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First Course Blues

Discussion in 'Hardscaping' started by White Gardens, Jul 24, 2011.

  1. White Gardens

    White Gardens LawnSite Fanatic
    Posts: 6,776

    So what's the best way to set the first course of a retaining wall.

    I do it the way I was taught, which is to get your compacted fill as close to level as possible, then use fill sand to set the first course and tweak when needed.

    I end up using as little of sand as possible, but struggle along sometimes where my base might be a little off.

    So, my thought is to come up with some sort of screet rail that's 1/4" or smaller to screet off the sand to get a more consistent base to speed up the first course. The only problem is that I wonder if too much sand will settle and throw the wall off over time.

    The problem I see with a small screet rail is it getting tweeked or bent over time and then not really helping me out.

    I've only done a handful of walls where they are only a couple of 2-3 courses and caps. I can see that doing any larger walls where I'm going up 4 courses or more can create problems if the first course is not quit 100%, thus leaving the caps with slight imperfections when butting them up.

    Any thoughts?

  2. STL Ponds and Waterfalls

    STL Ponds and Waterfalls LawnSite Bronze Member
    Posts: 1,177

    As long as your an inch or under you'll be fine. Get you base to spec and if you start to see more base being needed to level off add some more and compact. If you have to and it's possible run a stringline to see your low spots and adjust your base where needed. I know NCMA specs sand for a base but I prefer to just use 1" minus or whatever your base material is called.

    A lot of times your block can be off spec by a 1/8" or so and that maybe why they don't totally line up for your caps. Pennies and a cup grinder can be usefull in shimming your block if they are really out of spec.
  3. White Gardens

    White Gardens LawnSite Fanatic
    Posts: 6,776


    Basically from your post I'm probably just splitting hairs too much when installing walls and that's what's throwing me off. Most of the time I use string lines for all my projects as I haven't done enough hardscape work to warrant buying a lazer yet. I usually have 5 line levels with me and use the two or three that give me the same consistent bubble reading.

    Good call on the pennies and thanks for that tid-bit of info, I like that idea as sometimes I can be off by just a fraction, but then makes my caps look off to the trained eye. I just got done with a very short wall where the center had an engraving on the cap. I had to do some very minor tweaking so that the letters that crossed the seams of the cap had to line up perfectly.

    For screet rails, I'm thinking of going to a steel shop and see if they have any square or round rod at 1/4" or so to use for rigidity. Then ultimately store them in a section of PVC pipe or similar to make sure they stay true during transport and storage. I hate the idea of using conduit for rails and having them get tweaked real easily.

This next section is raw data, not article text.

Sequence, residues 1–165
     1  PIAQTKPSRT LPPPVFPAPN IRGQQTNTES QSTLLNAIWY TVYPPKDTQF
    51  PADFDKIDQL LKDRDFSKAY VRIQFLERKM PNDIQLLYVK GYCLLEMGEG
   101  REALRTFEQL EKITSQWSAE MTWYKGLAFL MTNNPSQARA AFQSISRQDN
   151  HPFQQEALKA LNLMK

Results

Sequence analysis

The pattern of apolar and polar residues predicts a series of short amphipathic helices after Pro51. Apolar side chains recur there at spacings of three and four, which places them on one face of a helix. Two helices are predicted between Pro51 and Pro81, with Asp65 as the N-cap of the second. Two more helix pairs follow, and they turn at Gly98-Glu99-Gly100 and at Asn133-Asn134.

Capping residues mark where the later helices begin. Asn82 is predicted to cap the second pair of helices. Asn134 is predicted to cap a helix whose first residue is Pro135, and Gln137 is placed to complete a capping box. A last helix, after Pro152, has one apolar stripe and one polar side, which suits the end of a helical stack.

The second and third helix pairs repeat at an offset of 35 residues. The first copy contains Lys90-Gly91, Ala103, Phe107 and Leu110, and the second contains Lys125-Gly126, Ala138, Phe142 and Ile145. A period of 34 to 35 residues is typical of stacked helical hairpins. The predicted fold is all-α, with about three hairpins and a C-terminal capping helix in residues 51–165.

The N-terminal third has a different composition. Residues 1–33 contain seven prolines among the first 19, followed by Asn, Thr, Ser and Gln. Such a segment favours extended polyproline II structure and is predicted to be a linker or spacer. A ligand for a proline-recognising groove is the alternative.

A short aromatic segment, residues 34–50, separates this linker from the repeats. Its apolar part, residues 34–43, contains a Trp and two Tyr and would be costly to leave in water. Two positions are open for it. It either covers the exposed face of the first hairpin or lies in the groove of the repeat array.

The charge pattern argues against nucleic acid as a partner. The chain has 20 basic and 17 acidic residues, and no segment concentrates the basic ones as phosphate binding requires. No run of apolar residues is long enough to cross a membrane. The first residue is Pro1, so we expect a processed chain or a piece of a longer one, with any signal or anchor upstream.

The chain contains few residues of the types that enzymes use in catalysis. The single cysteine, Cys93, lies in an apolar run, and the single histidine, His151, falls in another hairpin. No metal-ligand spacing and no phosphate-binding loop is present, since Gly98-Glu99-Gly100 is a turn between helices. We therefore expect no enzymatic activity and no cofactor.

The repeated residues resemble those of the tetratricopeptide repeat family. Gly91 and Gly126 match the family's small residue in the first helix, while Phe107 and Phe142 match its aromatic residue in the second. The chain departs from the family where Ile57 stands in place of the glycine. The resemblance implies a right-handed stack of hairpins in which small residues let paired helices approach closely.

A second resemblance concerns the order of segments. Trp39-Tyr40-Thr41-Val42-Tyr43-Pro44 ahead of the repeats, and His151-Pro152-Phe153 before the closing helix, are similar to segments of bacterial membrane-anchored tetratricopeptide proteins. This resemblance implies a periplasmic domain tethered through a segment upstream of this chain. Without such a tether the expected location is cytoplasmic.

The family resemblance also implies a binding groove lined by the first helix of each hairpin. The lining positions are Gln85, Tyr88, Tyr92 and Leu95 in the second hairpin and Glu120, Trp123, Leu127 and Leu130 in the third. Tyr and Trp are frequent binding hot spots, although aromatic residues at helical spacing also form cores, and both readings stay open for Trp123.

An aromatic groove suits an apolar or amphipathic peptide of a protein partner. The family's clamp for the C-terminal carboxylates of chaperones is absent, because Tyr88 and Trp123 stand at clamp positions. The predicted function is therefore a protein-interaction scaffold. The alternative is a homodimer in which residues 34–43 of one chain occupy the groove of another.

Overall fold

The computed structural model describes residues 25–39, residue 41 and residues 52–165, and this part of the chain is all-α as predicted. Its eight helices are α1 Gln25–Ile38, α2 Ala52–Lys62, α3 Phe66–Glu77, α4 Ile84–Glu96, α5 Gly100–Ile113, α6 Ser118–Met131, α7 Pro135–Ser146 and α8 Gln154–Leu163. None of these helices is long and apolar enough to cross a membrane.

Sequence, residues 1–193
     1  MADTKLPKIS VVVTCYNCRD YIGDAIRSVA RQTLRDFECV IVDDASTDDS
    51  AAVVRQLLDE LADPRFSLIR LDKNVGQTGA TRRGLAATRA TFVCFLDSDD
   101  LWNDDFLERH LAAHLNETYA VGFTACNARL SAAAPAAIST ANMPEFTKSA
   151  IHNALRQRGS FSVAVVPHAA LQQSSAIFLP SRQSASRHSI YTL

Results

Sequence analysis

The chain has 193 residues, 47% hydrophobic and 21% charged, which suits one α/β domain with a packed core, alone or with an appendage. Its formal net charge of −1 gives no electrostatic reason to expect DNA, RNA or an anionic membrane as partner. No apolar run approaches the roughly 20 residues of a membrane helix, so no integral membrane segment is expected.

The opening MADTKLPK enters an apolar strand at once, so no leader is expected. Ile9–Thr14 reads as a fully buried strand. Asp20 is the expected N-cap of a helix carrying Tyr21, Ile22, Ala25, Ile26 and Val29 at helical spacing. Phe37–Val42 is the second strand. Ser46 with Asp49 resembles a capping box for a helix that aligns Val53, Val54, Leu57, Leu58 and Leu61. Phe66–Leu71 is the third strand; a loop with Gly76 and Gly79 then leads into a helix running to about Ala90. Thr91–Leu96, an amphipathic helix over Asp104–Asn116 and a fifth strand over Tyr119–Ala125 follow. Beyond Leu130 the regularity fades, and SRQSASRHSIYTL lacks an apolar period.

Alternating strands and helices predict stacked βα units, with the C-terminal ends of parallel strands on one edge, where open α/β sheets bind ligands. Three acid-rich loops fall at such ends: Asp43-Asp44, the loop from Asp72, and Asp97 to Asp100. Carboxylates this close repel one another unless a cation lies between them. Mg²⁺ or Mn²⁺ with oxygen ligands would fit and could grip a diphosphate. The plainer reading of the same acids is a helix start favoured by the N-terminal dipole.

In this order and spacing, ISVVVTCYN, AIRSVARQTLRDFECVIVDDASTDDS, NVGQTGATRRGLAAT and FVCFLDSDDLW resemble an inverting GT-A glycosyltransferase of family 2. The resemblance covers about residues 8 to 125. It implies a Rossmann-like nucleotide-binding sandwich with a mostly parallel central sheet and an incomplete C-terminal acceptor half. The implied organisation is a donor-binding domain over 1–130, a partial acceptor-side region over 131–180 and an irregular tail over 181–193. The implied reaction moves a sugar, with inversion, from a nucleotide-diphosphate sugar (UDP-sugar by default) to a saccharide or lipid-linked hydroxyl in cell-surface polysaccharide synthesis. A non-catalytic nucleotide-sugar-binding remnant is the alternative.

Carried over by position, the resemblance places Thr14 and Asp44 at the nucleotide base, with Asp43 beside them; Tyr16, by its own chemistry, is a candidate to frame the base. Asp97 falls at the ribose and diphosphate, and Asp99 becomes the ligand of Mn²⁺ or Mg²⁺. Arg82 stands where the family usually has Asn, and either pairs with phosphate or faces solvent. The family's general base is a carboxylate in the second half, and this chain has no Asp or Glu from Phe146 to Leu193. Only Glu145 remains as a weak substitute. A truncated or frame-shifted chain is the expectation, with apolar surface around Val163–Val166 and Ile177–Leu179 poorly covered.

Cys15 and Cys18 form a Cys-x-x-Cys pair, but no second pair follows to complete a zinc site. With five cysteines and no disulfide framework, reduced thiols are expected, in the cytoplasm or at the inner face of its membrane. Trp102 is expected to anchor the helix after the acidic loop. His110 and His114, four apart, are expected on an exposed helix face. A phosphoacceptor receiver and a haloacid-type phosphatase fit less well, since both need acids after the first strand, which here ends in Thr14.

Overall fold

4. SVA_Concrete

    SVA_Concrete LawnSite Senior Member
    Posts: 467

    i would like to learn more about this Screet thing and the lazers
  5. STL Ponds and Waterfalls

    STL Ponds and Waterfalls LawnSite Bronze Member
    Posts: 1,177

    WG, so you don't get your balls busted any harder it's "Screed" and "Laser". :)
  6. Stillwater

    Stillwater LawnSite Platinum Member
    Posts: 4,834

    For block walls I have 3 ways, Time, more time, and a little more time. Frustrating as it may be for me I accept the fact that this will take time. I do not look for any short cuts on first course. I accept nothing but dead on level. No creative shimming, no creative screening, no looks good from my house crap, or it's good enough. just time and crusher run or what ever I am using for a base. Time is paid back to me later in the install when I can fly through it. When I pull out and warranty begins the last thing I want to be thinking about is the creative shimmimg or sand that may or may not move because when it does move (my personal opinion it will) So the politically driven money grubbing NCMA can shove their arbitrary ever changeing on a whim specs up their *** Its not their money that will pay my labor bill during a service call it's mine. I sell labor, and time is what I sell...
  7. White Gardens

    White Gardens LawnSite Fanatic
    Posts: 6,776


    Nice catch. The boy has been up since 4am and my mind isn't working correctly.

    Maybe I was also was thinking of the cheap 40's I used to drink back in the day. I think it was spelled with a z.

    Last edited: Jul 24, 2011
  8. White Gardens

    White Gardens LawnSite Fanatic
    Posts: 6,776

    Agreed Stillwater.

    I just want to do it right and make sure the wall stays level after installation. But at the same time, I'm trying to take a little of the frustration out of it.

    The thing I hate is when you think you've done it right and you get off by an 1/16th of an inch or less on the caps. Even though it's close, I want them to line up perfectly.

  9. scagrider22

    scagrider22 LawnSite Bronze Member
    Posts: 1,272

    The easiest way for me to put base down is with a rotater, I have a guy walk in front of me checking the grade about every 1-2' and I correct it with a rake until it beeps level (I only do this on the final lift), then I run the plate compactor over it to smooth it out. I do not use any sand and my first coarse of block goes down pretty fast.
  10. DVS Hardscaper

    DVS Hardscaper LawnSite Fanatic
    Posts: 6,417

    One inch of sand is too much. We barely use 1/4" max.
    Posted via Mobile Device

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